In recent years, Sami Al-Arian has been a celebrity among Arab-Americans and American apologists for Islamism. Yes, Al-Arian, a Palestinian professor of computer engineering at the University of South Florida (USF), was suspected of close ties to the Palestinian Islamic Jihad, a terrorist group specializing in suicide attacks against civilians in Israel. But the smooth-talking, professiorial family man countered that he was merely exercising his first amendment rights, and he covered himself in the banner of academic freedom. When USF sought his dismissal, the American Association of University Professors rallied to his cause. So did the United Faculty of Florida. All of them cast Arian as a pitiable victim of a smear campaign, and rained sympathy on him.
Well, the FBI arrested Al-Arian yesterday, charging him (and seven co-conspirators) with material support for a terrorist organization. Racketeering, conspiracy, extortion, perjury, obstruction, immigration fraud—it's all there. The 50-count indictment makes riveting reading. That's because it's based on wiretaps of Al-Arian's telephone and fax communications — the sort of material which, before 9/11, didn't get into indictments. And those wiretaps show Al-Arian to have been involved up to his neck in Islamic Jihad's finances, recruiting, and internal intrigues. The wiretaps, as summarized in the indictment one by one, offer a compelling portrait of a highly secretive conspirator, casually exploiting America's protection to evade the law and fund terror. The actual transcripts will be even more damaging. Arian's various defenders should be cringing in embarrassment, if they have even a shred of conscience.
Some of these boosters deserve particular scrutiny, because of their claim to clairvoyance in separating Islamist "moderates" from "extremists." I refer to the Middle East "experts," who purport to guide us through the labyrinth of Islamic movements, telling us who to fear and who to trust.
John Esposito, director of the Center for Muslim-Christian Understanding at Georgetown University, has been Al-Arian's most distinguished academic champion. Early last year, he wrote a letter to the president of USF, professing to be "stunned, astonished, and saddened" by moves to dismiss Al-Arian, whom he described as a "consummate professional." The university had to resist the "pressures" of "biased, inflammatory" media. (Esposito specifically mentioned the journalist Steven Emerson, who was the first to establish Al-Arian's links to Islamic Jihad.) USF's actions would not only "reflect on the University's reputation but also send a clear message to your students about what American democracy and academic freedom mean." Last September, after another move to dismiss Al-Arian, Esposito cancelled a lecture appearance at USF, which he denounced as "a university that so clearly violates the academic freedom of one of its professors." (Esposito has also employed Al-Arian's daughter, a Georgetown undergraduate, as a research assistant.) It's all confirmation of the obvious: Esposito never met a Muslim extremist he didn't like.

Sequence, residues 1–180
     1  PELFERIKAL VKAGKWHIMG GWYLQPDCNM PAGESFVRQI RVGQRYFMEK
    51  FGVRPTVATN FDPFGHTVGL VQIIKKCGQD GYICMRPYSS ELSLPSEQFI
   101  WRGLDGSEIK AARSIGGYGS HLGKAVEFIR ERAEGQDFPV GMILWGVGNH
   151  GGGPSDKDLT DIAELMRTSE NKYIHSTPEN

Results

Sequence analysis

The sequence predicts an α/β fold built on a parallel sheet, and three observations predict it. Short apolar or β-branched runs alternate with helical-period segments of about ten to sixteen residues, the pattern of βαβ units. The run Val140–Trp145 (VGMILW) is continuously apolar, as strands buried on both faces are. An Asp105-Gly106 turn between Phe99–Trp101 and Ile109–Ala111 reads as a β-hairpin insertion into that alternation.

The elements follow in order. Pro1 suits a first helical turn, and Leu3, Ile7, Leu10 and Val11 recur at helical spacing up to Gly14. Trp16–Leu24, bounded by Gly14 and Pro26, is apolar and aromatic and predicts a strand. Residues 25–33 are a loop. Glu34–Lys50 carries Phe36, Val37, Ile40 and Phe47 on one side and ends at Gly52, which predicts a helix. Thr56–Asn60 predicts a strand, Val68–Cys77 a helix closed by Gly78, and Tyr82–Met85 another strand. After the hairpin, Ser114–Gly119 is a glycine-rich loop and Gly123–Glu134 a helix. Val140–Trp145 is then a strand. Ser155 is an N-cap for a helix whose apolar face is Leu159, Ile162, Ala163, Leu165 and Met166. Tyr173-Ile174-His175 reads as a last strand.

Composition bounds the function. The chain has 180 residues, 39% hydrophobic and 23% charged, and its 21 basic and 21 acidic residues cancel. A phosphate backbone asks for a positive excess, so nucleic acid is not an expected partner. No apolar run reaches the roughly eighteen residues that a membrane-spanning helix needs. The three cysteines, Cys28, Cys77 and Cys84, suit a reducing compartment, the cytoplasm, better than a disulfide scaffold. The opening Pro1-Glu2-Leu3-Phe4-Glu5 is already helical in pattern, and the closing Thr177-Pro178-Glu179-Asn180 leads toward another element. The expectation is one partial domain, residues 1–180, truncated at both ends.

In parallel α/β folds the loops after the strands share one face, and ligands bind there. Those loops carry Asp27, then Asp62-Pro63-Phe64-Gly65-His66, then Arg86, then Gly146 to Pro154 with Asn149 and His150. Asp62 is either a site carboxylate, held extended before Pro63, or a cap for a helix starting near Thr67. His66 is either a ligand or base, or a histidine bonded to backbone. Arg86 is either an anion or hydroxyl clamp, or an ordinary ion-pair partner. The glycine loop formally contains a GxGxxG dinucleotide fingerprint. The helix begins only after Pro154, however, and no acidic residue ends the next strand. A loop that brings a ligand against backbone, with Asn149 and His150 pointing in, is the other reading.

Esposito has another, more remote connection to yesterday's arrests. He still sits on the board of a London institute run by his Hamas friend, Azzam Tamimi. Another board member, Basheer Nafi, was indicted yesterday along with Al-Arian. I urged Esposito to resign from this board back in September. How many more indictments will it take for Esposito to realize that he's been running with funders and apologists for the worst suicide terrorism?
Other Middle East profs supported Al-Arian. The University of Maryland political scientist Louis Cantori complained to USF's president that Al-Arian was being "pursued as a political radical. This he is not. Period." Anthony Sullivan, of the University of Michigan, wrote that Al-Arian "is a quintessential political moderate" and "a good man." The list of these duped or duplicitous academics is long.
But the most embarrassing endorsement came from the Middle East Studies Association (MESA). Last year, its board wrote to the president of USF, dismissing accusations of Al-Arian's terrorist involvement as "old and never-proven." MESA announced that "the Al-Arian case is about academic freedom. It is also about the basic first amendment right to freedom of speech." Odd: Al-Arian, a computer engineer, has never been a member of MESA, nor has he ever taught a course in Middle Eastern studies. So the statement was just another instance of gratuitous politicization by MESA's radical busybodies, who would rather dabble in politics than attend to the degraded state of their field.
Al-Arian's case is no longer about free speech, it's about overt acts. It's no longer between professors and administrators, it's between prosecutors and attorneys. Al-Arian will have his day in court. But whatever the outcome, there's no doubt that he isn't the "consummate professional" and the "quintessential political moderate" of the "expert" testimonials. Bottom line: the Middle East scholars have failed—again.